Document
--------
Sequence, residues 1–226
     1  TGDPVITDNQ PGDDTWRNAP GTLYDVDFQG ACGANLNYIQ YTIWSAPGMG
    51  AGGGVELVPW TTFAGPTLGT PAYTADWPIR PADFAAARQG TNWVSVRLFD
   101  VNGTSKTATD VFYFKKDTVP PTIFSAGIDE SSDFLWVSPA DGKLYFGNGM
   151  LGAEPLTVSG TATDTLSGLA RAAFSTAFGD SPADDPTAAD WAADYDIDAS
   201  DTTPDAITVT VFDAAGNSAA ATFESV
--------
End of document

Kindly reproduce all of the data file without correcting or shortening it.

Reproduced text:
Sequence, residues 1–226
     1  TGDPVITDNQ PGDDTWRNAP GTLYDVDFQG ACGANLNYIQ YTIWSAPGMG
    51  AGGGVELVPW TTFAGPTLGT PAYTADWPIR PADFAAARQG TNWVSVRLFD
   101  VNGTSKTATD VFYFKKDTVP PTIFSAGIDE SSDFLWVSPA DGKLYFGNGM
   151  LGAEPLTVSG TATDTLSGLA RAAFSTAFGD SPADDPTAAD WAADYDIDAS
   201  DTTPDAITVT VFDAAGNSAA ATFESV